The Intersection

Unscientific America Described

Lots of folks have been asking us about our forthcoming book, Unscientific America: How Scientific Illiteracy Threatens our Future and we’re happy to report that the product description is finally available at Amazon:

Climate change, the energy crisis, nuclear proliferation–many of the most urgent problems of twenty-first century require scientific solutions. And yet Americans are paying less and less attention to scientists. For every five hours of cable news, less than a minute is devoted to science; 46 percent of Americans believe that God, not evolution, created life on earth; the number of newspapers with science sections has shrunk from ninety-five to thirty-three since 1989. The disconnect between the scientific community and American culture grows wider every day.

In Unscientific America, journalist and best-selling author Chris Mooney and scientist Sheril Kirshenbaum explain how corporate interests, a weak education system, science-phobic politicians, and hyperspecialized scientists have created this dangerous state of affairs. They also propose a broad array of initiatives that could reverse the current trend and lead to the greater integration of science into our national discourse–before it is too late.


i-e1113f2911139dee56e3756eae877642-brokentesttube.png

Comments

  1. #1 Lilian Nattel
    January 15, 2009

    With the financial/economic crisis that the U.S. is facing, it can’t afford to become a nation of ignorant people. The only hope that the U.S. has of alleviating its probable status as an economic backwater is through a population base that is well educated and healthy.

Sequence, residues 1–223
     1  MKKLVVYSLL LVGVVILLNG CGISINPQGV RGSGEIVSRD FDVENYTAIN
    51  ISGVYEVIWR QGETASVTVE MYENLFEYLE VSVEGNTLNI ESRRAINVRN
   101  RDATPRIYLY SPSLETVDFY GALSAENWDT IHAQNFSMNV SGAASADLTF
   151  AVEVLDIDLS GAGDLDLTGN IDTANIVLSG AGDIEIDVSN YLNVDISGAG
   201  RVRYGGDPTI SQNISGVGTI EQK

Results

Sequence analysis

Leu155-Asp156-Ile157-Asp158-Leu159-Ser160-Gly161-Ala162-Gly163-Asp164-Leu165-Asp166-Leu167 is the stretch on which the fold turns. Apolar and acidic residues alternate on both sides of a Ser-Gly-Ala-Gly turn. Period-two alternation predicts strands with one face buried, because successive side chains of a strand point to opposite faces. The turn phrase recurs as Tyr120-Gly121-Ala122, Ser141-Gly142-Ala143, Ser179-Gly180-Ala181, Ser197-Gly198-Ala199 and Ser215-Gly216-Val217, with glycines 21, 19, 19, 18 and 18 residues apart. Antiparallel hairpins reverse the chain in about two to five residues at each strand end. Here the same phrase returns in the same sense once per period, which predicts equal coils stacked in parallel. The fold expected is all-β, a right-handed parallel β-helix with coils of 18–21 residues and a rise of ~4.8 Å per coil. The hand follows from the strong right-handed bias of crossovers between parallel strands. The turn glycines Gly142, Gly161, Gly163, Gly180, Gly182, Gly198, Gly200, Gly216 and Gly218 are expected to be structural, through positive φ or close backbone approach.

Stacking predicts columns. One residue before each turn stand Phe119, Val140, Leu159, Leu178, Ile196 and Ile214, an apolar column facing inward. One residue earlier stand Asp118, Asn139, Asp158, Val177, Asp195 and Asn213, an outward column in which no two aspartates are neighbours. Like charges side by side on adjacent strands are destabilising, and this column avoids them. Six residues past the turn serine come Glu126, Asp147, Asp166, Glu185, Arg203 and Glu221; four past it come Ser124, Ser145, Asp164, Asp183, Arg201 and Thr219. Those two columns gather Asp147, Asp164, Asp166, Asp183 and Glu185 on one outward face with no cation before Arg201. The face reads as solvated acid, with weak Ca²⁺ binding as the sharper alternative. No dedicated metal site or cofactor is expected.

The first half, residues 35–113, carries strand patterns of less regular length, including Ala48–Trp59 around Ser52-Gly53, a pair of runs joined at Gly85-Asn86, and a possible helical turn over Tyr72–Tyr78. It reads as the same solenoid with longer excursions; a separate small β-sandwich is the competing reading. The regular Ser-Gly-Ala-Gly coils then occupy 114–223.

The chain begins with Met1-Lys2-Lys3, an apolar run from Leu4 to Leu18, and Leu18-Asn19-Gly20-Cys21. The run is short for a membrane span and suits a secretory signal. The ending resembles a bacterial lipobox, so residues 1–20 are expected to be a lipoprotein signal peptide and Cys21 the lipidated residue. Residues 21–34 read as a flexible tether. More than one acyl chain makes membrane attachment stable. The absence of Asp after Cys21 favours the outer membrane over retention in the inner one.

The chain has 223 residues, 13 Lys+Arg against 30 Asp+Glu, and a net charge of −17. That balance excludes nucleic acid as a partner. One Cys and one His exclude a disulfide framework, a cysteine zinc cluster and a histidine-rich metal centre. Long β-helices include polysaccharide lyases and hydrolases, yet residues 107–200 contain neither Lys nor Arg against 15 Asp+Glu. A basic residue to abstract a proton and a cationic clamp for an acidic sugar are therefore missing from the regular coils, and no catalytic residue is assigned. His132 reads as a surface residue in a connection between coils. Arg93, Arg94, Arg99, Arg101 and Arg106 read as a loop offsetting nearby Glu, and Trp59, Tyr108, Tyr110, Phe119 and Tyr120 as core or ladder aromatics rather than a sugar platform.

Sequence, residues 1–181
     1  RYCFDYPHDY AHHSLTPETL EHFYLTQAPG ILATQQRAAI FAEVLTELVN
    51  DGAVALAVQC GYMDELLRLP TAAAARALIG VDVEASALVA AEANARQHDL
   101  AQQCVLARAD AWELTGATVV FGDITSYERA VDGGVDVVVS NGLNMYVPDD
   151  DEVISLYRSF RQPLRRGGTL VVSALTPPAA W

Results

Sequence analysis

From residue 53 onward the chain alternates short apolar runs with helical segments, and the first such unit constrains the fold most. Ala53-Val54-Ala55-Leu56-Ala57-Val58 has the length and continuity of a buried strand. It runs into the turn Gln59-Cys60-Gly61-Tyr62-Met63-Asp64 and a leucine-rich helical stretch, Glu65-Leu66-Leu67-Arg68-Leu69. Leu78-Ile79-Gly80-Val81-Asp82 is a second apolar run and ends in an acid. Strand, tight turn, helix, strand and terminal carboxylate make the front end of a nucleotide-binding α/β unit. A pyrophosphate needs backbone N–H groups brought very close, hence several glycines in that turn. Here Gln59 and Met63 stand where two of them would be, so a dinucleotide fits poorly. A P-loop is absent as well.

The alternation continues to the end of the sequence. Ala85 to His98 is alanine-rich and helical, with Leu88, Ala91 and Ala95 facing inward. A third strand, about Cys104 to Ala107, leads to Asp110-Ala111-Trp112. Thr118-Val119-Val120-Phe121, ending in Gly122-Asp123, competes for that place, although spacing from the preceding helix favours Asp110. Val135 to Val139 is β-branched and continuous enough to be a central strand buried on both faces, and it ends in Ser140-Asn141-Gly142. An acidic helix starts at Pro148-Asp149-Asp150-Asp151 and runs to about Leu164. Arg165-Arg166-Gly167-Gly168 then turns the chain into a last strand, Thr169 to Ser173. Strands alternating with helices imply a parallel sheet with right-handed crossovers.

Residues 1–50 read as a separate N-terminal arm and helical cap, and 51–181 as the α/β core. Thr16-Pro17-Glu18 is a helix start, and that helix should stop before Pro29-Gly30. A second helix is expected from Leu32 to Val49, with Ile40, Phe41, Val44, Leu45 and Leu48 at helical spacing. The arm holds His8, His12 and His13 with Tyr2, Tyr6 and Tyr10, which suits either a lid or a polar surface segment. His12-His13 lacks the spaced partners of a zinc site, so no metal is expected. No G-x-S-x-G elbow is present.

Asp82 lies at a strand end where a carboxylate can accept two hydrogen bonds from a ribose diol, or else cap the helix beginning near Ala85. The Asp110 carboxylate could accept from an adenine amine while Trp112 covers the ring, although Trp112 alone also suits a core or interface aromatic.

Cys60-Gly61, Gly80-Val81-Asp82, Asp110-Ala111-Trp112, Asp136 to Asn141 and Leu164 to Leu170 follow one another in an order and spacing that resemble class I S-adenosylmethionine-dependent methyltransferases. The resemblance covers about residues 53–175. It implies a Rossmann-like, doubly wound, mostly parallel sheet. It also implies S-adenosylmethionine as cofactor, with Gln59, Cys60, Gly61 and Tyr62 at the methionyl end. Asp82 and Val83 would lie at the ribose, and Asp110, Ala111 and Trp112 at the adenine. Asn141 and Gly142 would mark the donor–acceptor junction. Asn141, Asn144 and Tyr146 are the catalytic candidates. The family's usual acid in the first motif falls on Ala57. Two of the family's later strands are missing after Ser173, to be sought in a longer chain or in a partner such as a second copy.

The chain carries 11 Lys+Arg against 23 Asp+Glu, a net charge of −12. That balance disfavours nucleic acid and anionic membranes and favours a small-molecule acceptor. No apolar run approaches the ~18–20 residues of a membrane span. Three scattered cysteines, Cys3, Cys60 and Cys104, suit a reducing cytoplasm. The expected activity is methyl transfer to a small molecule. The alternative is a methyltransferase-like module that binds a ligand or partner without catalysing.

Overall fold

2. #2 Ashutosh
    January 15, 2009

    Any upcoming book tours?

  3. #3 Kevin
    January 15, 2009

    I compliment you on your efforts and wish you success. The problem is that the people who most need to read this work are also the people least likely to read it. Hopefully, you can stimulate public debate and interest outside of the pro-science crowd.

  4. #4 Pierce R. Butler
    January 15, 2009

    … corporate interests, a weak education system, science-phobic politicians, and hyperspecialized scientists have created this dangerous state of affairs.

    Nothing about the contributions of kreationists, kwacks, and other kooks? (Oh, and Hollywood!)

  5. #5 Jon Winsor
    January 15, 2009

    The problem is that the people who most need to read this work are also the people least likely to read it.

    If you started a watchdog “better business bureau” for journalism, media, etc. (to toot the horn of my own idea from the other thread), people would *have* to read it to know what your thoughts are, what you’re going to call people out on, and what you’re looking for in a science literate public…

  6. #6 Ashutosh
    January 15, 2009

    Kevin has a good point; most of us who will read it already constitute the converted. Have you thought about sending some free copies to senators, congressmen and other policy-makers?

  7. #7 TomJoe
    January 15, 2009

    Being a bit of a pedant but … on the cover … you typically don’t see 15ml plastic conical tubes busted into pieces like that.

  8. #8 Laurent
    January 19, 2009

    Hum, maybe the issue is wider than one would think. Did you try to enlarge the question so as to include trends in Europe with regard to the science image?

    It could be nice to see connections, some certainly are. Maybe the opportunity to refine the analysis and increase the audience?

The site is undergoing maintenance presently. Commenting has been disabled. Please check back later!